• Payment apps are now required to report business transactions that exceed $600 annually.
  • The new tax rule underscores one of the biggest advantages that governments see with digital payments: traceability. 
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The news: Effective January 1, 2022, payment apps like PayPal, Venmo, and 


Cash App

 are required to report users’ business payments that exceed $600 in a calendar year to the Internal Revenue Service (IRS), per NBC News.

P2P mobile payment transaction volume will reach $785.19 billion in 2021.

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Providers need to give business owners a 1099-K tax form that breaks down commercial income received through the app if it meets the $600 threshold.

1099-K forms were previously only required for merchants with more than 200 transactions in a year exceeding $20,000 in total value. The updated rule won’t affect users until the 2022 tax filing cycle, which takes place in 2023.

Gift payments, transactions from selling personal items at a loss, and payments sent as reimbursements are excluded from the rule.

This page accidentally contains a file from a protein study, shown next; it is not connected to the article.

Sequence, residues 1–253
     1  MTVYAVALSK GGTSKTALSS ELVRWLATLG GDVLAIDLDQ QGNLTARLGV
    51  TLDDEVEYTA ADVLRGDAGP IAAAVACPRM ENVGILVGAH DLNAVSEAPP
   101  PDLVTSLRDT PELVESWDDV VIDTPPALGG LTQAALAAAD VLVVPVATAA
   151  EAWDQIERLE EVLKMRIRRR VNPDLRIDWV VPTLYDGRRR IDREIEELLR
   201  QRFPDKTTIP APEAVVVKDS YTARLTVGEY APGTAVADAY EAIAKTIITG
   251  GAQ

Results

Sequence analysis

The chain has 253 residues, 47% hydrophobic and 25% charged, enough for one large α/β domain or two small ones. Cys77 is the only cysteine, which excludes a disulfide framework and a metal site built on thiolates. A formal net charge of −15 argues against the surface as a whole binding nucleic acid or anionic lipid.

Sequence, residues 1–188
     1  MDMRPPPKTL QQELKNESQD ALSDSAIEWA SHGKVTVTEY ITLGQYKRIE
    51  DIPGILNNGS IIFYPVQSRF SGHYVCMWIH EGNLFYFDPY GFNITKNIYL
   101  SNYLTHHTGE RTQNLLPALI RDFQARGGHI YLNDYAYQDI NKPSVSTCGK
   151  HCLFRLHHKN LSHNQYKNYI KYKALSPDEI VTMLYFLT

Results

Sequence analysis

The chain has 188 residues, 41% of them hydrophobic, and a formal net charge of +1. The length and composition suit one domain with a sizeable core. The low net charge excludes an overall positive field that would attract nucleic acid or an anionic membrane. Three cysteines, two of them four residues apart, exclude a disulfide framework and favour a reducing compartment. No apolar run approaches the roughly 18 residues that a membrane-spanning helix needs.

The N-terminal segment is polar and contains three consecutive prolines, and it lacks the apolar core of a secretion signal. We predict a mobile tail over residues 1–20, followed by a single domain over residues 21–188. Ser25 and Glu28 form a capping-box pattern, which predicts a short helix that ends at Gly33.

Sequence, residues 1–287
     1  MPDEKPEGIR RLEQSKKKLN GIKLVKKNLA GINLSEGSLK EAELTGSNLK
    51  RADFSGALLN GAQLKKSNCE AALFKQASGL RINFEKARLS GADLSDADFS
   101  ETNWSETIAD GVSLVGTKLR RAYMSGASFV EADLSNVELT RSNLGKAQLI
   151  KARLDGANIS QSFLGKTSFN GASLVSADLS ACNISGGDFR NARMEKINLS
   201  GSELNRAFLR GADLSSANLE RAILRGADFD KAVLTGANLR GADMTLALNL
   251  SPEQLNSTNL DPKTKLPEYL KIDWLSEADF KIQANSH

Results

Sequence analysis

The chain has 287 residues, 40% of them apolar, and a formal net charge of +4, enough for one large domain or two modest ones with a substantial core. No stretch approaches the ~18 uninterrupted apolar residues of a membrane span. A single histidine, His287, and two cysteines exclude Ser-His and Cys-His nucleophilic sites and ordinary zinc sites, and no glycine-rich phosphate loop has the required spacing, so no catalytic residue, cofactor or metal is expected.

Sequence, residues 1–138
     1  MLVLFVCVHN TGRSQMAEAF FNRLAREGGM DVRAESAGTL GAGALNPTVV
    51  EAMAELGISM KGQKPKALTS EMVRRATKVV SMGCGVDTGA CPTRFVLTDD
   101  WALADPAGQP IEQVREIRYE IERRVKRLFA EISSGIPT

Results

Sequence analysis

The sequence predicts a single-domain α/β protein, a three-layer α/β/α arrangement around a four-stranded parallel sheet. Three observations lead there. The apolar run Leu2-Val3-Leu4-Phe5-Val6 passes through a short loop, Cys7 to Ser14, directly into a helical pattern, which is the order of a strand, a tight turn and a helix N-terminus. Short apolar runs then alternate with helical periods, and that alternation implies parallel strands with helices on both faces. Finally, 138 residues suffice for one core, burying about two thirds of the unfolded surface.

What this means: The updated rule won’t affect payment apps from a profitability standpoint—it just makes them provide tax documentation for more business users.

Business owners’ tax liabilities remain unchanged: They’ve always had to report business income regardless of what channel it came through.

It might be easier for merchants that use these apps to report that income now—primarily small businesses that fell short of the $20,000 1099-K threshold and may have had a harder time consolidating transactions themselves.

The opportunity: Players like PayPal and Cash App could use the new tax rule to their advantage by creating payment-adjacent tax services that help limit the friction some small businesses face during tax season—like Stripe’s tax offering.

Block already offers a free tax filing service through Cash App, but it could expand the offering to include fee-based products. Such value-added services could help boost revenues for peer-to-peer (P2P) payment providers as they work to bring in business users.

The bigger picture: The new tax rule underscores one of the biggest advantages that governments see with digital payments: traceability. Unlike cash payments, digital transactions can easily be tracked—and, in turn, easily taxed. By updating digital payment tax rules, governments can mitigate tax evasion.

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